Media Circus: I sold my baby for a blurb!

Published April 3, 1997 8:00PM (EST)

Desperate. That's what I am. I sold my baby for a blurb. BUY MY BOOK. I loved him; I did. I loved the way he raced to the door when I came home, a huge grin on his face, that lopsided crawl of his like Quasimodo's. I'm going to miss him. BUY MY BOOK.

What could I do? It was my first novel. You should see the cover, a blue so deep the ocean was jealous. After 15 years I had finally sold a book; I had an agent, and an editor, and a publicist. I loved to roll their jobs in my mouth. I sprinkled them in my conversation like salt. My agent says hello; my publicist says hi.

We were such a happy family my mother stopped calling. But all good things must end. After the sale came the silence. The book was, after all, a first novel, a literary novel, which, in the publishing community, mars it with low expectations. The publicity budget was practically non-existent, raising the philosophical question of whether one could have a publicist without publicity. When I made one or two helpful suggestions about the artwork and the jacket copy, my editor refused to discuss them with me, then refused even to return my phone calls. We were more like a family every day.

The bound galleys revived my hopes. There, for the first time, was that beautiful cover, the typeface based on the Dutch master fontsman Leewhyn Van Rijk's linotype for an 18th century public bath permit, a Library of Congress catalog number and a bar code that whispered sweet nothings to zebras. Looking at the book, it was suddenly, miraculously, a book. My book. VISIT MY WEB SITE.

I received three copies, not even enough for everyone in my family. I sent them to the family members least likely to be offended by their fictional counterparts: my siblings. Galleys, apparently, are expensive. More expensive than the actual book, though you'd never know from the cheap, flimsy paper, the tear-away cover. Something to do with the scale of production. My editor refused to explain it. I gave my mother her number. The phone calls soon followed. A Hollywood studio wanted to know if the rights were available. A New York screenwriter wanted to know if Hollywood had beaten her to the rights. A long-lost acquaintance who worked at People rang to say it would make a great movie. I was not surprised by the inquiries; no, it was only natural now that I was a published novelist. An important, literary, novelist. BUY MY BOOK.

But the New York screenwriter didn't realize how talented, albeit literary, I was. She thought I might give her the rights, free, as if I wrote for the charitable deduction. The Hollywood studio turned out to be the secretary to someone's assistant who not only confused my first name with my last, but thought she was calling my agent and appeared unfazed by the fact that no matter which one of my names followed the other, they did not resemble my agent's.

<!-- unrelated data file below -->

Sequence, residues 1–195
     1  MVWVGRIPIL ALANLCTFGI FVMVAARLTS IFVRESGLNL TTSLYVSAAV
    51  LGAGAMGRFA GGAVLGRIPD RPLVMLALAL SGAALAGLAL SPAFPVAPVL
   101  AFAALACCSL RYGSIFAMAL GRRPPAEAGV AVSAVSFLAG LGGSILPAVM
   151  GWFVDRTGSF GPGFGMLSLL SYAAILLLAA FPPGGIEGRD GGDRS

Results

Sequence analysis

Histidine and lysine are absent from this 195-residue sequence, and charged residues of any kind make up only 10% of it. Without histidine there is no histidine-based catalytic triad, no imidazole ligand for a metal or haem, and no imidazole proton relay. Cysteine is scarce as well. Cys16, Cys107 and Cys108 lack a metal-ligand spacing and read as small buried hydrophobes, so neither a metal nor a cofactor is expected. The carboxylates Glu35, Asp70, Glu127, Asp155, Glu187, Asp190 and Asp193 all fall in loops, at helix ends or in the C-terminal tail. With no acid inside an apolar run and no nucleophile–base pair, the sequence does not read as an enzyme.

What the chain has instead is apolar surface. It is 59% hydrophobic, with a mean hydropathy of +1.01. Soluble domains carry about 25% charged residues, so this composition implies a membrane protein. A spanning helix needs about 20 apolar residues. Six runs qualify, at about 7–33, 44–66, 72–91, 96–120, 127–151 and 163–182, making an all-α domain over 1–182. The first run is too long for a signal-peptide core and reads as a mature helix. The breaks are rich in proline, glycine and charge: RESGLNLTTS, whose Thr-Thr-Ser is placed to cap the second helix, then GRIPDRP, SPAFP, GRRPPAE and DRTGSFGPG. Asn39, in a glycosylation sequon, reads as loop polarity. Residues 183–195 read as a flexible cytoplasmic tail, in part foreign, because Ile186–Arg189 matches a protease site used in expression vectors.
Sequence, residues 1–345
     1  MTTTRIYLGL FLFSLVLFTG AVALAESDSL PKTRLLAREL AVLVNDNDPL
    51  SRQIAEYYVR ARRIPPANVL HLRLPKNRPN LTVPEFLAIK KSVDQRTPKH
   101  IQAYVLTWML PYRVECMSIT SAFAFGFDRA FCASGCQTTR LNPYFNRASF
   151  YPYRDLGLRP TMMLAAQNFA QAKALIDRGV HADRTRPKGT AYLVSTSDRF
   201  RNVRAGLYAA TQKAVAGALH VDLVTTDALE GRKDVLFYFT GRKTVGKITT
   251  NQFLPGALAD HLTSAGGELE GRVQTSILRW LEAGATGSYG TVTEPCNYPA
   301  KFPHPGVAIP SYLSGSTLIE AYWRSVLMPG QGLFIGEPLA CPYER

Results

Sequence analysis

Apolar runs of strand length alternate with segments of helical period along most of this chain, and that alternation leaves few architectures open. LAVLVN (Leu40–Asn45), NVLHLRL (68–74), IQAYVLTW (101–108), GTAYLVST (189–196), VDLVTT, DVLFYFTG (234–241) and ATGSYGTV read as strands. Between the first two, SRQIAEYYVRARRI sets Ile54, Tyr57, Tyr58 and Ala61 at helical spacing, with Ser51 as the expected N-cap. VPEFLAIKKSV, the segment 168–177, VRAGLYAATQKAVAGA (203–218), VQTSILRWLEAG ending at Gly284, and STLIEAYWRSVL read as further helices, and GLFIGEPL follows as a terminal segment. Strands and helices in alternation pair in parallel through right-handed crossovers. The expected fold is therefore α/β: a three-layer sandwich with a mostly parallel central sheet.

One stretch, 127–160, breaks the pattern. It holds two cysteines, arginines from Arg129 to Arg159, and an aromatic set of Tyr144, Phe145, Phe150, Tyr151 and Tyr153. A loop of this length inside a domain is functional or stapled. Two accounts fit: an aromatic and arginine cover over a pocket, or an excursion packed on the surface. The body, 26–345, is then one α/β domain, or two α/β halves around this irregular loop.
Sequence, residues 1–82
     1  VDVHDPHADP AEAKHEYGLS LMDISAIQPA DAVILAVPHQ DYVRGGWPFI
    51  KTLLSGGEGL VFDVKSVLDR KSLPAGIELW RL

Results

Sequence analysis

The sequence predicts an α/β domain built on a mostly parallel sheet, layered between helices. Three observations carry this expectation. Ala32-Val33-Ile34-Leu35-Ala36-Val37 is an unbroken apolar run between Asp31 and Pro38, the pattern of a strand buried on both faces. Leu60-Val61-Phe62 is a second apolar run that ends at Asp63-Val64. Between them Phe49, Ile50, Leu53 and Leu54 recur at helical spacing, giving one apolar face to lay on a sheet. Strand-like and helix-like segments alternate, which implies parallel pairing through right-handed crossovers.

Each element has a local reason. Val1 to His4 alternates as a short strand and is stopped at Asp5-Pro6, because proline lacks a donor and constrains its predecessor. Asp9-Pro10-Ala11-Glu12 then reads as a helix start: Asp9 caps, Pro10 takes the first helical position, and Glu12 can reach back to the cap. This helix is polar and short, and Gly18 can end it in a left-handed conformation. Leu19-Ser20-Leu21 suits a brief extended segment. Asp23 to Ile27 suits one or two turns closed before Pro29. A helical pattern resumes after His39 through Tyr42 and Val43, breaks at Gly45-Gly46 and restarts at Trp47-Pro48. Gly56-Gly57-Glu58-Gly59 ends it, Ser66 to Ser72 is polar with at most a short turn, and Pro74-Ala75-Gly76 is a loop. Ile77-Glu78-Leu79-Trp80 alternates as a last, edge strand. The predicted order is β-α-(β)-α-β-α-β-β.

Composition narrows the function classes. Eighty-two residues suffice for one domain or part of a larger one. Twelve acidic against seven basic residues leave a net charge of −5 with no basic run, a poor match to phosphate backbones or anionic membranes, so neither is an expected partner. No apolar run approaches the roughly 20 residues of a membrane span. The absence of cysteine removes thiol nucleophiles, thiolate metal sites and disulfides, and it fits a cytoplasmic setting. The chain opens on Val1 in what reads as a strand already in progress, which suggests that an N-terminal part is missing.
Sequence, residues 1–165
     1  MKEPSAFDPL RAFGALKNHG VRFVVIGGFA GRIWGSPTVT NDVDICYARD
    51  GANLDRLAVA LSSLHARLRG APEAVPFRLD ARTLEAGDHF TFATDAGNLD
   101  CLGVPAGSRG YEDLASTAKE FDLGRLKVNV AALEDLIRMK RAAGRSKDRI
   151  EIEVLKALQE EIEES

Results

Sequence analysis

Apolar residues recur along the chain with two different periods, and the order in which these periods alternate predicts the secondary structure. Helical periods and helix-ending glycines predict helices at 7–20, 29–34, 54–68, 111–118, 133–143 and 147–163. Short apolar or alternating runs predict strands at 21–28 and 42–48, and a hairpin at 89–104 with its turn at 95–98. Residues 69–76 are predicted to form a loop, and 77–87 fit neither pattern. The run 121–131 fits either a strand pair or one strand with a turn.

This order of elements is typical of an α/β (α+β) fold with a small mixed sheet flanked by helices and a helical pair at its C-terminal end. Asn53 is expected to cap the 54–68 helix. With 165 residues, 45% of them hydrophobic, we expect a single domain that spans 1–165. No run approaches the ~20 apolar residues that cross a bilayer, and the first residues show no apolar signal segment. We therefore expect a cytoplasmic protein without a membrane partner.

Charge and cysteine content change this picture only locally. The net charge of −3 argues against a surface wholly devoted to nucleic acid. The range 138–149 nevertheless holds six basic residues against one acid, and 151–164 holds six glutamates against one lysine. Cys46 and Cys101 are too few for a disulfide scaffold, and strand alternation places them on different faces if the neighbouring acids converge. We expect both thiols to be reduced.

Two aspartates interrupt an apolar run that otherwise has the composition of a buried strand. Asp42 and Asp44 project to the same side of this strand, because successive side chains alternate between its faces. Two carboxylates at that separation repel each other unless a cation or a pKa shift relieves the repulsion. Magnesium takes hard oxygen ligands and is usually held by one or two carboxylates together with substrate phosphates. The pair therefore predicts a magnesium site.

As for my reacquainted friend at People, he had discovered the book while browsing for bargains in People's discard bin, where books by the hundreds are dumped unread every day by beleaguered editors and the assistants who hate them. It was the cover that first attracted him, he told me, torn from its spine like a hangnail.

Did I mention that this novel was my life's work? Not five minutes of enthusiasm: a lifetime of suffering and five years in front of a word processor. Granted, I'm fairly young. There's plenty of suffering still to come. But I could die tomorrow. I could be hit by a bus, crushed by a plane, trampled by horses while jogging in the park. It would all be over without a chance for the sequel. Immortality is my last best hope. Yet without a reader, I do not exist. Vanished, poof, just like that. Writers disappear every day, the victims of a cruel metaphysics and public neglect. Their families cannot save them. I need some proof of my existence, some "therefore I am." You see, you can judge a book by its cover. It's not simply about color; blue may be deep but it's not profound. It's about gloss, and texture, and testimonials from famous authors, the ones who are too important to return your editor's phone calls if she could get away from your mother for one minute to make them, if you were a celebrated author instead of a literary one. Blurbs are the proof: They mark the book with readers. There are readers because there are blurbs. Thus there are writers. QED: Me.

I hear Meg Wolitzer's a wonderful mother. I hope it's true. I sold my baby for a blurb. I'm going to miss him. BUY MY BOOK.

By Cameron Stracher

Cameron Stracher is the author of "KINGS OF THE ROAD: How Frank Shorter, Bill Rodgers and Alberto Salazar Made Running Go Boom," and a former competitive miler

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